Parliamentary Speeches

Allegations Surrounding Suicide of Sgt Uvaraja S/O Gopal – Transcript of Ministerial Statement by Mr K Shanmugam, Minister for Home Affairs and Minister for Law

Published: 06 February 2024

1. Thank you Sir, for allowing me to speak on this.


2. On 21 July 2023 last year, police officer, late Sgt Uvaraja, committed suicide. 

3. Just before his passing away, he put up a Facebook post. He made several statements.

4. He said that:

(i) One, he had been bullied and ill-treated by his superiors and colleagues;

(ii) Two, that some officers’ misconduct had been covered up;

(iii) Three, that his performance appraisals were unfair; and

(iv) Four, that he was ostracised by others at work.

5. I asked the Police to investigate the allegations. 
6. Safety and security in Singapore is based, among other things, on very high levels of public trust and confidence in the Police.

7. In this matter, allegations were made against the Police, by a Police Officer.

8. A full investigation is important. If there is wrongdoing, it must be dealt with, and it will be dealt with. And errant officers must be taken to task.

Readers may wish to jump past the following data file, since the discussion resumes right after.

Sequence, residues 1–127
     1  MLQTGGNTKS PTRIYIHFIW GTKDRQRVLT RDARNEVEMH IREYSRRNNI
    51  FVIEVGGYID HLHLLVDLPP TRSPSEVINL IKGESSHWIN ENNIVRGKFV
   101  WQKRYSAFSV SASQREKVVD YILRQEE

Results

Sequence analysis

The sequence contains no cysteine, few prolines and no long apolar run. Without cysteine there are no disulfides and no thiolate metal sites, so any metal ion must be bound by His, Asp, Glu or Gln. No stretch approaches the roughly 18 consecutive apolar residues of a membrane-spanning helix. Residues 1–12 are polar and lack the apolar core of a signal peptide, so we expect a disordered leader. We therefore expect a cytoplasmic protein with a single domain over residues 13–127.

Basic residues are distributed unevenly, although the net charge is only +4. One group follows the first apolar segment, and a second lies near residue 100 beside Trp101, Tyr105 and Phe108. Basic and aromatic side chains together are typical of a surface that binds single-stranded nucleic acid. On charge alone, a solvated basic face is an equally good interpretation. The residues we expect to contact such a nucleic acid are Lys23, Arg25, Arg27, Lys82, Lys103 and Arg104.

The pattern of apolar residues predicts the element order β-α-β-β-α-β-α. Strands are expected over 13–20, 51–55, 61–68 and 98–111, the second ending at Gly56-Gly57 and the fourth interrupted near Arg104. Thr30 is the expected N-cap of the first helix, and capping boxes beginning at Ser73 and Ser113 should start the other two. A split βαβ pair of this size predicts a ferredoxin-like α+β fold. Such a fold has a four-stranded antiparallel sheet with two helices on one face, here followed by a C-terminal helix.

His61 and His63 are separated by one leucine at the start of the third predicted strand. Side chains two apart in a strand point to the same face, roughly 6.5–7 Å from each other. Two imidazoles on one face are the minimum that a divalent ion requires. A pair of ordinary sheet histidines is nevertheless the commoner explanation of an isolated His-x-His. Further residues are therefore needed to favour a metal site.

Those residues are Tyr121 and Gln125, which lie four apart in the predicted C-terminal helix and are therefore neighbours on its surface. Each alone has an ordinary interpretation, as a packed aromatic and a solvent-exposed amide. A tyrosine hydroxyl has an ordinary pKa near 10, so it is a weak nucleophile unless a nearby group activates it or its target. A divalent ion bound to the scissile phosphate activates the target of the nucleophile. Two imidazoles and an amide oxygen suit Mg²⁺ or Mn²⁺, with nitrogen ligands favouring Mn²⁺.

9. If we do not do so, over time, the public will lose trust in the Police.

10. However, if the allegations are unfounded, the facts have to be set out, and we will defend the Police publicly, and robustly. 

11. If that is not done, and untruths are allowed to fester, morale in SPF will go down, and public trust will be eroded. 

12. We have seen this, and many other things, happen in the US, UK, and many other countries over the years. Public trust in these police forces has been affected. And the morale of their officers have suffered. 

13. And, we don’t want to go down that path. 

14. So I directed the SPF to investigate the claims and for the AGC to review the findings of the Police. 

15. And I am setting them out publicly here. 

16. I will deal with four aspects in this Statement. 

17. First, I will deal with the allegations and the findings in respect of these allegations.

18. Second, I will set out how the Police had supported Uvaraja. 

19. Third, I will touch on the framework in SPF to deal with workplace harassment and grievances.